Once on the other side, our 12 year old guide lead us along the rocky banks of the Ganges for about mile and then up a hill to a guarded fence. There we pleaded our case, “We are from Berkeley and we would like to have and audience with Maharishi.” We were admitted but the 12 year old who had been our guide was turned away. We were escorted to a brand new single story house built in some indescribable style, looking a bit like a small 1950’s style California tract home with a flat roof, except this house had a covered porch all the way around with thin-ish columns vaguely reminiscent of Greek columns yet with a character uniquely theirs. Surrounding the flat roof was an ornate railing with – if memory serves – some modest amount of gilding. The roof obviously was intended as an outdoor activities space. Our escort from the fence went inside and a houseboy emerged with him. The house boy in broken English said that he was sorry but “Maharishi resting today.” I appealed by expanding my story I told the gate attendant. “My father is a professor of physics for the University of California at Berkeley and I am a student at that university. I practice TM and we have come to see Maharishi at the suggestion of Dr. Matts Roos.” The houseboy disappeared inside again and came out smiling, “Yes, Maharishi expecting you coming for several days now. Come.” And he gestured me in. My father waited outside and I was admitted to an open room with wooden floors, a few cushions thrown about. At the front of the room – if a more or less square room has a front – was a low couch with end tables covered in flowers. Above the couch was a portrait of Maharishi’s teacher, Guru Dev. I sat on one of the cushions on the floor waiting when a handsome, very tall and pleasingly plump man dressed in white silk robes entered. I had seen many pictures of Maharishi and I thought of him as a diminutive man, a correct thought. But I really didn’t know if maybe the pictures had been misleading and that this really was the Maharishi. So I carefully guarded my speech so as to suggest neither that this was Maharishi nor that it wasn’t.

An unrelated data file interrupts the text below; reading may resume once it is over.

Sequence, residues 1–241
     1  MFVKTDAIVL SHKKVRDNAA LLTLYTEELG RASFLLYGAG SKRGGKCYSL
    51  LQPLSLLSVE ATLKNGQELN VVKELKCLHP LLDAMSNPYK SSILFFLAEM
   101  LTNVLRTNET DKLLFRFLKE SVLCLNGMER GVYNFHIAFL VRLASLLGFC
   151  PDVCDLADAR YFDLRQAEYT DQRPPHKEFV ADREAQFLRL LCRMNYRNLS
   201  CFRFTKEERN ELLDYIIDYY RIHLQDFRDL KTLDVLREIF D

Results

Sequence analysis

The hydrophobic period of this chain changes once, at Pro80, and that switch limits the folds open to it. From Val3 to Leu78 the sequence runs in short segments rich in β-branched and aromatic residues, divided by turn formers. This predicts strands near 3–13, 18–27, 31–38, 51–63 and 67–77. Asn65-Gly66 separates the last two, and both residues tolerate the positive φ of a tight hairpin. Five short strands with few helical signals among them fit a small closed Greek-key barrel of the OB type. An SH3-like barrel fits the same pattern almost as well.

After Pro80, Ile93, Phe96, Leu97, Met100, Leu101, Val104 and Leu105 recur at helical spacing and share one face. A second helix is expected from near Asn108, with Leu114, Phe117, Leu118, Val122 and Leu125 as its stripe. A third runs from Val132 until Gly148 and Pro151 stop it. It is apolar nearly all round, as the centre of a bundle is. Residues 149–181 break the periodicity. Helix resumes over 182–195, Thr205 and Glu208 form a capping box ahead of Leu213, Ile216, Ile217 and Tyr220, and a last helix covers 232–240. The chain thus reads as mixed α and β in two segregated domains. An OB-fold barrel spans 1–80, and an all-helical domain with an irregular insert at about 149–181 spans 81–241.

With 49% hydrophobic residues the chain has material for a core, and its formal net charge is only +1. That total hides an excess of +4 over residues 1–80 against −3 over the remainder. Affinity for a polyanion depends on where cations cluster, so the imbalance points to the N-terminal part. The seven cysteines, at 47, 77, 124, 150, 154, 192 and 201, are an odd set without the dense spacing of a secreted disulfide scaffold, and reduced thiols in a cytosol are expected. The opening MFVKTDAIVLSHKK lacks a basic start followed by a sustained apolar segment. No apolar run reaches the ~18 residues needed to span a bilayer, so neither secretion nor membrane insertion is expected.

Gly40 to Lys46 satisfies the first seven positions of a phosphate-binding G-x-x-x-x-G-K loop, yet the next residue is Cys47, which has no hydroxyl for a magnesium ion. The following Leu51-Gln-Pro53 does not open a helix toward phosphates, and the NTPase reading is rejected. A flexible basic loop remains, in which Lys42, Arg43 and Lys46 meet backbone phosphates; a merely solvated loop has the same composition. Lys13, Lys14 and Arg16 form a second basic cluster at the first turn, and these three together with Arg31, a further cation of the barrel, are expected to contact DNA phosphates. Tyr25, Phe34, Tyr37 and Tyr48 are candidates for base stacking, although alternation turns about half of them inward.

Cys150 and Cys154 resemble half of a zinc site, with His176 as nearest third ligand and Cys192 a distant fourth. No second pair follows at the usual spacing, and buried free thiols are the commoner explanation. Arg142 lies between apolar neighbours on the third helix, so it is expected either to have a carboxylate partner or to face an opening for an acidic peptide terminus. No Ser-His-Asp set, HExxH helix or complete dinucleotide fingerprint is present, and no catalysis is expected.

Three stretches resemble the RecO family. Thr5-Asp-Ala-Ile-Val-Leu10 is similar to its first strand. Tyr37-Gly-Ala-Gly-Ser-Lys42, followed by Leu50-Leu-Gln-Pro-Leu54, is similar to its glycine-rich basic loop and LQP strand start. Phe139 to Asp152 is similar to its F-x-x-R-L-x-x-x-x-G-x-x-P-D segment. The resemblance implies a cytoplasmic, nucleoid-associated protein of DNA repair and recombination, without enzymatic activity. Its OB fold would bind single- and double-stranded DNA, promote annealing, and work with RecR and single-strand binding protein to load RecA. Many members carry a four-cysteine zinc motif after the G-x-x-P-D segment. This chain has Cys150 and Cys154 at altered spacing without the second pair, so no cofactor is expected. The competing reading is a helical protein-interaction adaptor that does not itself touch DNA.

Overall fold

“Good afternoon he said, we are glad you could come. What would you like to discuss? “ He had a deep voice and spoke with a gentle Indian accent with educated British overtones.